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PostPosted: 14 Feb 2011, 17:00 
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Corio wrote:
RobinV wrote:
Corio wrote:
San Francisco's cable trams are a great tourist attraction and a priceless example of our industrial and transport heritage. However they aren't part of that city's public transport network in any real sense, and nor is there any idea that they should be.

Well, San Francisco's cable trams are a very real functioning part of the city's public transport.

This from Wikipedia: "The cable cars are principally used by tourists rather than commuters. The system serves an area of the city that is already served by a large number of buses and trolleybuses."


It's not the first time that Wikipedia has been wrong,
and this is such an occasion.
Trolley buses and buses can't get up the steep hills.
They can't use the same street on the hills,
where the cable cars have absolute (repeat absolute) right of way.
On reaching the crest of the hill after one particularly steep climb,
the cable car stops in the middle of the intersection
to pick up or set down passengers.
When the cable car approaches that intersection,
the intersection has to be cleared of all traffic in order that
the cable car can enter and stop there.
Cable cars can't stop on hills, nor give way to vehicular traffic
on hills, simply because they can't stop. Their brakes cannot hold them
on hills, and they rely on the cable for braking while going down hills.
Simply put, cable cars cannot release the grip while going up hills.
If they did, they would run out of control backwards down the hill.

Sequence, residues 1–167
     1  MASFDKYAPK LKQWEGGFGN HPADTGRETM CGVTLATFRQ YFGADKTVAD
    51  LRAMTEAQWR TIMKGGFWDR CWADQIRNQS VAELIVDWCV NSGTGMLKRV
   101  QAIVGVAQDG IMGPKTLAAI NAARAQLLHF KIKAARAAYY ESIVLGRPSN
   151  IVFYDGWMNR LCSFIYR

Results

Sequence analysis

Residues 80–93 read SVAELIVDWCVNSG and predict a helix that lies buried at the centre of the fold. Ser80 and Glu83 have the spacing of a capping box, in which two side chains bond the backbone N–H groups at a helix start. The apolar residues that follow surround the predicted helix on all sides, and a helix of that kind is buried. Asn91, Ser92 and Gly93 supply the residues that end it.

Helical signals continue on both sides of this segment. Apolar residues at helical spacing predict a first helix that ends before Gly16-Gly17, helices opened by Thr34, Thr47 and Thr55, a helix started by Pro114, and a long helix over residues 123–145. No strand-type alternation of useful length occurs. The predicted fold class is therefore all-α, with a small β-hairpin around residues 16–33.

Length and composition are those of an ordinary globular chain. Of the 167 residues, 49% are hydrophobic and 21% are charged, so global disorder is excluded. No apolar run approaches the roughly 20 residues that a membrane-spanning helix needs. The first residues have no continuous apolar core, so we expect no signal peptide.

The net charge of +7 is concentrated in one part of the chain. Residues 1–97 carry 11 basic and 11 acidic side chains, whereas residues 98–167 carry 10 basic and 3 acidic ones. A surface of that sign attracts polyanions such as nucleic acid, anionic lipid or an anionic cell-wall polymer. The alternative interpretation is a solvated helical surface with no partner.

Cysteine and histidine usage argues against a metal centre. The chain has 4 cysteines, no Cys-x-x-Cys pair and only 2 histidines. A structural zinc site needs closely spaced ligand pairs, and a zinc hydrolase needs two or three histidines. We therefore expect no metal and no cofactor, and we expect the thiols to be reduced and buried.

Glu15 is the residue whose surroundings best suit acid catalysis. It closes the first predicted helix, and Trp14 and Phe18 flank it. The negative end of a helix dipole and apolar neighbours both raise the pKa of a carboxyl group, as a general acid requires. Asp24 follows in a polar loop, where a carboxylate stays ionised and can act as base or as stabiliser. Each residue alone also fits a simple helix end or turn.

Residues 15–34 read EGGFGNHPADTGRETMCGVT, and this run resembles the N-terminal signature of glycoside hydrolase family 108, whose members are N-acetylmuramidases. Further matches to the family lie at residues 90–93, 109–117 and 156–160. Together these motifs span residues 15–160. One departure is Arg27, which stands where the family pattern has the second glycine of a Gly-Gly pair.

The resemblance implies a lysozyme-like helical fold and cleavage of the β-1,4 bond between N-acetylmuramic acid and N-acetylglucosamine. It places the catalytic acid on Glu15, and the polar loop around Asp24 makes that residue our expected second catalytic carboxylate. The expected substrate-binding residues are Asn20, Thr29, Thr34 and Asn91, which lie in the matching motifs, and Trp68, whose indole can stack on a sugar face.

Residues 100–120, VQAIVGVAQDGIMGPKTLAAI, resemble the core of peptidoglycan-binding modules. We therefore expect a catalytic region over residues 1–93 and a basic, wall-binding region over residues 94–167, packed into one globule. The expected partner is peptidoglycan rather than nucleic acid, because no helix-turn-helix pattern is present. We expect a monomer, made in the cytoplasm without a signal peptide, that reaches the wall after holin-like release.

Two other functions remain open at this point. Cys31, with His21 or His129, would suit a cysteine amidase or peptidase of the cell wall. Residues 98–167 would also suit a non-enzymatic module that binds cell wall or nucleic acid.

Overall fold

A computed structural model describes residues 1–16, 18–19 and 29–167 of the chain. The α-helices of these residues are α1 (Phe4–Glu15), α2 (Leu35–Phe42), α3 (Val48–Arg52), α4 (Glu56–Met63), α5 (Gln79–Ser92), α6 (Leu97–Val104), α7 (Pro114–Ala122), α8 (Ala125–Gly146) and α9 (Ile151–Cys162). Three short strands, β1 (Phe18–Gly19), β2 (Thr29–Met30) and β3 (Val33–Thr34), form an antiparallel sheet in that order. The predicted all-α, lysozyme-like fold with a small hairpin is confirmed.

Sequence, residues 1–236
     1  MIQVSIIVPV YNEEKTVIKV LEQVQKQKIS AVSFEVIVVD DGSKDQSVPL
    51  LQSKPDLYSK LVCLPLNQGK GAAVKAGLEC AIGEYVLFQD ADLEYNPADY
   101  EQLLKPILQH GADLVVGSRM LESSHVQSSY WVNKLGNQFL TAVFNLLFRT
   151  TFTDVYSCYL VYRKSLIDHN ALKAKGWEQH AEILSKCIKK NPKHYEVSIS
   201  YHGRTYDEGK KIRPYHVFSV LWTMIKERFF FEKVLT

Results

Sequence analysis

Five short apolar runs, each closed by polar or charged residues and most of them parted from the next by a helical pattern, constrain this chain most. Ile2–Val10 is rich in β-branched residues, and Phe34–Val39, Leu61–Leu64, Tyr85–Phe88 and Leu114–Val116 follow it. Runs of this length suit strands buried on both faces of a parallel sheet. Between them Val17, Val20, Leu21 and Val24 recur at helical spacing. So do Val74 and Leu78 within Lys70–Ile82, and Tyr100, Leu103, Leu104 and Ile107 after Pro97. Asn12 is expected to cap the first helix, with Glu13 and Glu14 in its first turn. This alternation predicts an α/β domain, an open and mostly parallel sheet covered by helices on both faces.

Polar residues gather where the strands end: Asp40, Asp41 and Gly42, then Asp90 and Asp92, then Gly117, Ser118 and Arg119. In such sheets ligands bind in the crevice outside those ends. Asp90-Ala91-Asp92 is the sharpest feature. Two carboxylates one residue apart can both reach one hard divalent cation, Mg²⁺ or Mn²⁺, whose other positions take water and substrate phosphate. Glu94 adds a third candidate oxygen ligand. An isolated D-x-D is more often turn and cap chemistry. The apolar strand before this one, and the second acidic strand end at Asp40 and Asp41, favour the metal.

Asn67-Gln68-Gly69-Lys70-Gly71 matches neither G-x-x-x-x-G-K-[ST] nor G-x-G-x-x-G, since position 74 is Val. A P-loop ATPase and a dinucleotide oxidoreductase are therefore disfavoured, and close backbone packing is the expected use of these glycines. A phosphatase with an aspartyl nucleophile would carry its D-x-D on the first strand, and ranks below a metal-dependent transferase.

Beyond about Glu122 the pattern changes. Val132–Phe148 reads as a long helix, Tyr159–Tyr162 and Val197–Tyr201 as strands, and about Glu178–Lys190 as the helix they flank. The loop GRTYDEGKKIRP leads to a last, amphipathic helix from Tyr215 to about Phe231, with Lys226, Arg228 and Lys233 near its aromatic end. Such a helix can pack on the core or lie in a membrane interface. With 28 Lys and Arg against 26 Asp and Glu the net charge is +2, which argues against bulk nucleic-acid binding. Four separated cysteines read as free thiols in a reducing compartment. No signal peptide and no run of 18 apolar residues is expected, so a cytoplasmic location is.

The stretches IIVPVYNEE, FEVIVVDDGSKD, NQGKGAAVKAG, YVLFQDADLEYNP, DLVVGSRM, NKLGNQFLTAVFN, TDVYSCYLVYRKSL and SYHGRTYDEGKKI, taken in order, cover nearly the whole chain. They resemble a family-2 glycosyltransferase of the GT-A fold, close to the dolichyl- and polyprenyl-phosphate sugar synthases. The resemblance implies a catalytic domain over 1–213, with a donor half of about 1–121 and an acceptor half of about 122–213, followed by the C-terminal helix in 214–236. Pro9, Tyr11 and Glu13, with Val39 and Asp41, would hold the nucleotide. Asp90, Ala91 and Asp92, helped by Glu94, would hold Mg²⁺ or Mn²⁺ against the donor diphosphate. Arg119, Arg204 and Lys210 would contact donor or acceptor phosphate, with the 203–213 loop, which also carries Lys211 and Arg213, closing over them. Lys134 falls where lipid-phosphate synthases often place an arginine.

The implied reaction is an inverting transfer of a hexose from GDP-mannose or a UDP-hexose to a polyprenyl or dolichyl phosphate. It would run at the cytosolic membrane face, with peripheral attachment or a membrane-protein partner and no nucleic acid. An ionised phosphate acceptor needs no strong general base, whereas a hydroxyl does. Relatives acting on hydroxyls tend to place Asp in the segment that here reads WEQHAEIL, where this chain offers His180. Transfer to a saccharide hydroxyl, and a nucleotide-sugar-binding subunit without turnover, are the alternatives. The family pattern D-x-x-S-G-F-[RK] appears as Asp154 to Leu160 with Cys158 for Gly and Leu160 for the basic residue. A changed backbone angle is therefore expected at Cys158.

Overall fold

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PostPosted: 07 Apr 2011, 11:34 
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Corio wrote:
drbuc wrote:
But goign back to my original statement - i do not mean lets restore them to what they were as if they were fresh off the 1930's production line - I said that say 20 should be done like that for prosperity - while the 150 other W class trams should have the interiors restored, but be mechanically changed. Several cities around the world have restored them, but put in modern mechanics, and in a wheel chair lift (which is quick to work) at one entrance for disabled people.

Yes, but that has only been done with a very few trams in a handful of cities, and all those trams are used purely for tourist purposes.

There are nine W-class trams operating on a "heritage" line in Memphis, and one W-class tram on similar line in Dallas. Seattle had a tourist route using five W-class trams, but that ceased operations five years ago. One other tram was restored and given as a wedding present from the Victorian Government to Princess Mary and Crown Prince Frederik of Denmark. It occasionally runs at the Danish Tramway Historical Society's museum in Jystrup. That's the sum total.

I must amend my above statement (fancy trusting Wikipedia).

Auckland's Museum of Transport and Technology has three W-class trams, two of which are in service along a short section of track between the two parts of the museum, and a third is currently having restoration work done.

An even shorter 1.5 kilometre tram loop is now under construction in the vicinity of the Auckland waterfront, to be served by "heritage" trams. Its first cars will be a W2-class and an X1-class from the Bendigo collection. Both originally ran in Melbourne; not much Auckland "heritage" in that.


Last edited by Corio on 08 Apr 2011, 12:27, edited 1 time in total.

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PostPosted: 07 Apr 2011, 23:53 
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For the 50 year celebrations in 1979 of the Glenelg tram,
two triple sets were operated. Here is one of the sets, courtesy of "Trolley Wire".


Attachments:
File comment: Triple set, c. 1979.
GLENELG3.JPG
GLENELG3.JPG [ 32.33 KiB | Viewed 2265 times ]


Last edited by RobinV on 14 Apr 2011, 10:40, edited 1 time in total.
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PostPosted: 08 Apr 2011, 11:55 
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Location: Essendon
Thats a beauty!!! ^

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And the end of all our exploring
Will be to arrive where we started
And know the place for the first time.” -T.S Eliot


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